Initially a visit to Kosovo never figured in my Balkan plans. But as it happens, and especially as it happens in the Balkans, the route took on a life of its own. I was researching ways of getting from BiH to Macedonia (the only country I hadn’t yet visited in the Balkans). Gradually it became clear that the only route that made sense had to go through Kosovo. And suddenly I realised that I was simply obliged to stay in Pristina for a day and to see what it’s all about. What is Kosovo anyway?
Apart from the obvious – the war with Serbia – my only association with Kosovo was the presence of a legion of international workers, as well as various horror stories in the press about Kosovo mafia, going all the way to human organ trafficking.
But Pristina met me with tranquility and silence that immediately confounded my stereotypes. On a hot day the main Pristina pedestrian thoroughfare looks like any other broad and empty street anywhere in the world eaten by the scorching sun at a random midday:
A paradox: the main boulevard of a resolutely Muslim country bears the name of a Catholic nun. The favourite game of recent statehoods is fighting for the building blocks of identity. Malaysia fights Singapore and Indonesia for batik and chilli crab. In the Southern Balkans it is Mother Theresa who has become an apple of discord (as if there weren’t apples of discord enough). She was born in Skopje to an Albanian mother and an apparently Aromanian father, himself born in what is now Kosovo. Who owns her? In the Balkans – everybody! And so she gets the main boulevard of Pristina named after her, and her statue graces a tiny park in the middle. Two likenesses of Ibrahim Rugova, considered here the Father of the Nation, flank both ends of the boulevard, lest you forget who really controls the place.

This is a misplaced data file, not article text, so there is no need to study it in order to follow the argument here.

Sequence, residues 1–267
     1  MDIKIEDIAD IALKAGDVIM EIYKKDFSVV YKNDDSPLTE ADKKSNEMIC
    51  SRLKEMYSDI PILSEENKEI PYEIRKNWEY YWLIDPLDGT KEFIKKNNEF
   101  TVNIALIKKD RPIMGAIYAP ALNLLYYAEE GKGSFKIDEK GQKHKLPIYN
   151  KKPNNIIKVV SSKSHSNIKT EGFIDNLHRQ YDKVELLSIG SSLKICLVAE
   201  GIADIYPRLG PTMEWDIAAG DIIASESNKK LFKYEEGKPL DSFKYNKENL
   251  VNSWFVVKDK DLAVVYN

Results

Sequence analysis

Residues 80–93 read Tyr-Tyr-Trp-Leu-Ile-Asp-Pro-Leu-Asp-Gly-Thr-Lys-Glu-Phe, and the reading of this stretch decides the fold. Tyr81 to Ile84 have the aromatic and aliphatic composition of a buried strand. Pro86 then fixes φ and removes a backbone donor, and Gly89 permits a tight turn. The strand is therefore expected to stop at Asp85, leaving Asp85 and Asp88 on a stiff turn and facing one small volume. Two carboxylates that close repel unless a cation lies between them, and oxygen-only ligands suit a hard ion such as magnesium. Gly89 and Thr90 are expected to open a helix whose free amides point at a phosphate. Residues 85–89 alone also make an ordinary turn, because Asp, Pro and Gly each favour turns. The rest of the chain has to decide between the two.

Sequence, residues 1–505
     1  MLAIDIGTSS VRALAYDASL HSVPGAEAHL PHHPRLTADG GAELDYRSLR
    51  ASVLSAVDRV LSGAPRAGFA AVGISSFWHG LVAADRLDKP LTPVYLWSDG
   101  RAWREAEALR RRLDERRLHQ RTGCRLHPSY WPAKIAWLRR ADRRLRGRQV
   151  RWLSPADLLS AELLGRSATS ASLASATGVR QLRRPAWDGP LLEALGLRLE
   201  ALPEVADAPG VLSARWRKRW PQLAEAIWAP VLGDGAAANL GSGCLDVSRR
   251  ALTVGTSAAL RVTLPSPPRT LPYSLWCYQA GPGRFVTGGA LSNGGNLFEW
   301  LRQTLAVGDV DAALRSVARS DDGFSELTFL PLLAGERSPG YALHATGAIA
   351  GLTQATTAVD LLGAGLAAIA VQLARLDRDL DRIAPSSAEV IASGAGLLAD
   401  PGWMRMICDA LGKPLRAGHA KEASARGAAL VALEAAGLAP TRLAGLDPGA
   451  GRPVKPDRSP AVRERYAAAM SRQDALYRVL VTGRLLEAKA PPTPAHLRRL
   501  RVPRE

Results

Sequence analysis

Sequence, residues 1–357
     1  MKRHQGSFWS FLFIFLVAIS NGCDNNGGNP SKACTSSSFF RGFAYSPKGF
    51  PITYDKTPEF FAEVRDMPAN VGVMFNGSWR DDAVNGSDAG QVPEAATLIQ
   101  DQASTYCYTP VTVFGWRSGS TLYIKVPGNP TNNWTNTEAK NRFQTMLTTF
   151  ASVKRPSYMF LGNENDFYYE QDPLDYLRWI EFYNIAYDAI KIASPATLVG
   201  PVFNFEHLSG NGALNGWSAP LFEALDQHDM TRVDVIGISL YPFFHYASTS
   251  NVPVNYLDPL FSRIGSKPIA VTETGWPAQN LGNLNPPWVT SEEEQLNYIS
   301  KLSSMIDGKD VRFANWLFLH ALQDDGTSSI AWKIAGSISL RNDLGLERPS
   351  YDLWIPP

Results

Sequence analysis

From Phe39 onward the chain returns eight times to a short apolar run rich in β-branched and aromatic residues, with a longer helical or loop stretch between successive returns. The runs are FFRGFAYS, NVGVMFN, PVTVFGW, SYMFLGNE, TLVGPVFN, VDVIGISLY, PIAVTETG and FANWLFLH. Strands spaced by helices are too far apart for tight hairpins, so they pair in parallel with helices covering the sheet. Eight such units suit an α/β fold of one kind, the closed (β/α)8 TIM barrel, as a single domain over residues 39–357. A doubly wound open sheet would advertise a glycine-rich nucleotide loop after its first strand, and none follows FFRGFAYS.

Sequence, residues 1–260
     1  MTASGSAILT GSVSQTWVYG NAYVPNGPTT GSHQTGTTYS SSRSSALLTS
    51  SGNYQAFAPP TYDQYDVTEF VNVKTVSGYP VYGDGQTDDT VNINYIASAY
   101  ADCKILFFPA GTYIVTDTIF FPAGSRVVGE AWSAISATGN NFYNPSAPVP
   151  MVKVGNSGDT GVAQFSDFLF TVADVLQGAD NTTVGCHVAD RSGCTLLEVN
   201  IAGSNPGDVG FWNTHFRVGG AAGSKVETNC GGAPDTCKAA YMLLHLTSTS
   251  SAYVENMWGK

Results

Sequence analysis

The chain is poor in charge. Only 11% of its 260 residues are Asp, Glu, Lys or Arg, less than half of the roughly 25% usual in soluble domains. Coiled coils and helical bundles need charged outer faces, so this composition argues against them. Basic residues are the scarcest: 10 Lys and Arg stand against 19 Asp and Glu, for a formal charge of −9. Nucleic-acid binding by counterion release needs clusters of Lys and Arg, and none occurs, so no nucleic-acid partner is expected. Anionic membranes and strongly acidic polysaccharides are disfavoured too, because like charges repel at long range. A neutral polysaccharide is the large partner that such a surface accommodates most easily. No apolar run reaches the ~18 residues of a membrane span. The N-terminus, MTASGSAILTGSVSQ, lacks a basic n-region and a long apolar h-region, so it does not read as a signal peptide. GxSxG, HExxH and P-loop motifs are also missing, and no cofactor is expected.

Continue reading One day in Kosovo
Three main reasons the world has heard of Sarajevo are:
1. The murder of Franz Ferdinand which started the First World War;
2. The Winter Olympics of 1984;
3. The epicentre of the war in Bosnia, the site of the infamous siege, which was lifted only after the NATO bombings in 1995.
Sarajevo today appears a peaceful yet exotic place swarming with life. In a word, Sarajevo is unique.
Welcome to the Pigeon Square, the centre of the historical Ottoman area of Baščaršija, where the touristic nerve centre of the city lies:
Continue reading Sarajevo
Having decided that my first rendez-vous with the Balkans on this trip was way too short, the only question to be answered was how to find a cheap and efficient way to get there from Estonia. Generally speaking there is not a wealth of options to get out of Tallinn, but I found a secret exit – an Estonian Air once-a-week flight to Split. I’d been to Croatia before, I’d even been to Split before, but my real destination was different. Bosnia and Herzegovina! And tentatively there was a bus from Split to Mostar.
The road though turned out to be an interminable ordeal. First the bus to Mostar was outrageously late – instead of leaving Split at 10:55, it left at 12:30 – by that time I’d been waiting for it at the Split bus station for 4 hours. The bus station there is ridiculously uncomfortable: too small for the quantity of tourists, no announcements, everybody tries to squeeze by everybody with all of their bags. It’s a nightmare. Luckily I have got my downloaded podcasts and they help me to fill such otherwise useless time with some content. Once we got on the road, a terrible thunder and rain starting falling on our heads (or rather the roof of the bus); I had the impression that the bus turned into a submarine navigating the bottom of the sea. There was an interminable wait on the border to top it off.
But finally after a long slog through the mountains the clouds cleared and suddenly from a mountain ridge we saw Mostar.
The Old Bridge, raison d’être of the town of Mostar. The very name of Mostar comes from the word most – bridge.
Continue reading Mostar: a town from a fairytale